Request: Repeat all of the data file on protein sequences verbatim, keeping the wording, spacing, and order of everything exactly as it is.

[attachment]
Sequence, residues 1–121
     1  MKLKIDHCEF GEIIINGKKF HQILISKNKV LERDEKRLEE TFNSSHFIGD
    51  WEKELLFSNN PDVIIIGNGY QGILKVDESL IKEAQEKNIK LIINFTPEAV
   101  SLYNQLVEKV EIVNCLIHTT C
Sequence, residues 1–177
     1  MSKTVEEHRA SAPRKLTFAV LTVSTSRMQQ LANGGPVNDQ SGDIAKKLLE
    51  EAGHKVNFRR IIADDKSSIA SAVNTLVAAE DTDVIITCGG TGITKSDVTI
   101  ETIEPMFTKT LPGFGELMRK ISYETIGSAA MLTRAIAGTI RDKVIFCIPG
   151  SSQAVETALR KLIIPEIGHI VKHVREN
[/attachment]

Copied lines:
Sequence, residues 1–121
     1  MKLKIDHCEF GEIIINGKKF HQILISKNKV LERDEKRLEE TFNSSHFIGD
    51  WEKELLFSNN PDVIIIGNGY QGILKVDESL IKEAQEKNIK LIINFTPEAV
   101  SLYNQLVEKV EIVNCLIHTT C
Sequence, residues 1–177
     1  MSKTVEEHRA SAPRKLTFAV LTVSTSRMQQ LANGGPVNDQ SGDIAKKLLE
    51  EAGHKVNFRR IIADDKSSIA SAVNTLVAAE DTDVIITCGG TGITKSDVTI
   101  ETIEPMFTKT LPGFGELMRK ISYETIGSAA MLTRAIAGTI RDKVIFCIPG
   151  SSQAVETALR KLIIPEIGHI VKHVREN